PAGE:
Real-time 3D photoacoustic visualization system with a wide field of view for imaging human limbs

Kenichi Nagae, Yasufumi Asao, Yoshiaki Sudo, Naoyuki Murayama, Yuusuke Tanaka, Katsumi Ohira, Yoshihiro Ishida, Atsushi Otsuka, Yoshiaki Matsumoto, Susumu Saito, Moritoshi Furu, Koichi Murata, Hiroyuki Sekiguchi, Masako Kataoka, Aya Yoshikawa, Tomoko Ishii, Kaori Togashi, Tsuyoshi Shiina, Kenji Kabashima, Masakazu ToiTakayuki Yagi

Research output: Contribution to journalArticlepeer-review

43 Citations (Scopus)


Background: A breast-specific photoacoustic imaging (PAI) system prototype equipped with a hemispherical detector array (HDA) has been reported as a promising system configuration for providing high morphological reproducibility for vascular structures in living bodies. Methods: To image the vasculature of human limbs, a newly designed PAI system prototype (PAI-05) with an HDA with a higher density sensor arrangement was developed. The basic device configuration mimicked that of a previously reported breast-specific PAI system. A new imaging table and a holding tray for imaging a subject's limb were adopted. Results: The device’s performance was verified using a phantom. Contrast of 8.5 was obtained at a depth of 2 cm, and the viewing angle reached up to 70 degrees, showing sufficient performance for limb imaging. An arbitrary wavelength was set, and a reasonable PA signal intensity dependent on the wavelength was obtained. To prove the concept of imaging human limbs, various parts of the subject were scanned. High-quality still images of a living human with a wider size than that previously reported were obtained by scanning within the horizontal plane and averaging the images. The maximum field of view (FOV) was 270 mm × 180 mm. Even in movie mode, one-shot 3D volumetric data were obtained in an FOV range of 20 mm in diameter, which is larger than values in previous reports. By continuously acquiring these images, we were able to produce motion pictures. Conclusion: We developed a PAI prototype system equipped with an HDA suitable for imaging limbs. As a result, the subject could be scanned over a wide range while in a more comfortable position, and high-quality still images and motion pictures could be obtained.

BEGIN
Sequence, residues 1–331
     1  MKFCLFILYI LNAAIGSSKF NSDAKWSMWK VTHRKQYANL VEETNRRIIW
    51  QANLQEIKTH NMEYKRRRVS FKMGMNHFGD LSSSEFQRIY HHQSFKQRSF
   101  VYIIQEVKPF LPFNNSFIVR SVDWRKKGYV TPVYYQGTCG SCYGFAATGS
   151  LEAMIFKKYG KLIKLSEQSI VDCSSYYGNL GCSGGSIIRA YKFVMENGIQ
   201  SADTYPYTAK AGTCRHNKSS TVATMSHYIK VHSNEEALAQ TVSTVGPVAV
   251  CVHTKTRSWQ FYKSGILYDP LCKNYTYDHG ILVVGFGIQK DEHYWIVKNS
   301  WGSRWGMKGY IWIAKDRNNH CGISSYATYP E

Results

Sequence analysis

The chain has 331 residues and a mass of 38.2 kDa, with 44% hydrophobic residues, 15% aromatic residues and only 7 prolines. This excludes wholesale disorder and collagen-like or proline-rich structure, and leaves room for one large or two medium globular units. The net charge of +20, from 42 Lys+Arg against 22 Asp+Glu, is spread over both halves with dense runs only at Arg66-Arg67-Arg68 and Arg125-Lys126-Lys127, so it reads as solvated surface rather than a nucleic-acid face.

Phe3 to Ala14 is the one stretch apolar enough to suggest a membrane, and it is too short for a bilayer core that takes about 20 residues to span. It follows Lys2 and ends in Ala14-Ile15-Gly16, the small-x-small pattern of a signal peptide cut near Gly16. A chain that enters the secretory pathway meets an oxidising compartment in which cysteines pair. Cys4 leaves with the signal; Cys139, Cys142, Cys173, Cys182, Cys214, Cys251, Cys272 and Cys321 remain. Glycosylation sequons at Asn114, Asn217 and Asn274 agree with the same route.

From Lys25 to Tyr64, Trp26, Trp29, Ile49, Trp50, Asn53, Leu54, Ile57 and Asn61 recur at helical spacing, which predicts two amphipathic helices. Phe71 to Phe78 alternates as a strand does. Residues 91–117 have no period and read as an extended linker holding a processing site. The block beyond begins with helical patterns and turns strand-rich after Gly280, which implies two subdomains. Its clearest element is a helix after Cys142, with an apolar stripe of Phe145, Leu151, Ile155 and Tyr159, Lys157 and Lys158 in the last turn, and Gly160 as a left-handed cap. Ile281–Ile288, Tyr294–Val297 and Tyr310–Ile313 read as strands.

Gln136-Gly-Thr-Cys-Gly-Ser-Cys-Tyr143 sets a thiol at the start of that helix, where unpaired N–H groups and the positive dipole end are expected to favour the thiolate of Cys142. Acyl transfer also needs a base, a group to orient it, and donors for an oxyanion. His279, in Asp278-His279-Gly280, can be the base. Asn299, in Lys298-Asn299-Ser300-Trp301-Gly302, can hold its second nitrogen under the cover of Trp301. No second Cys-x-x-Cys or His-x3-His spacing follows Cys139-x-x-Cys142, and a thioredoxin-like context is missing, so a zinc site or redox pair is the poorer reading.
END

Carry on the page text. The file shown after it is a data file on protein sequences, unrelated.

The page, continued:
Original languageEnglish
Article number1813
Publication statusPublished - 2019
Externally publishedYes


  • Blood vessel
  • Haemoglobin oxygen saturation
  • Hemispherical detector array
  • Laser
  • Limb
  • Motion pictures
  • Optoacoustic
  • Photoacoustic imaging

ASJC Scopus subject areas

  • Biochemistry, Genetics and Molecular Biology(all)
  • Immunology and Microbiology(all)
  • Pharmacology, Toxicology and Pharmaceutics(all)


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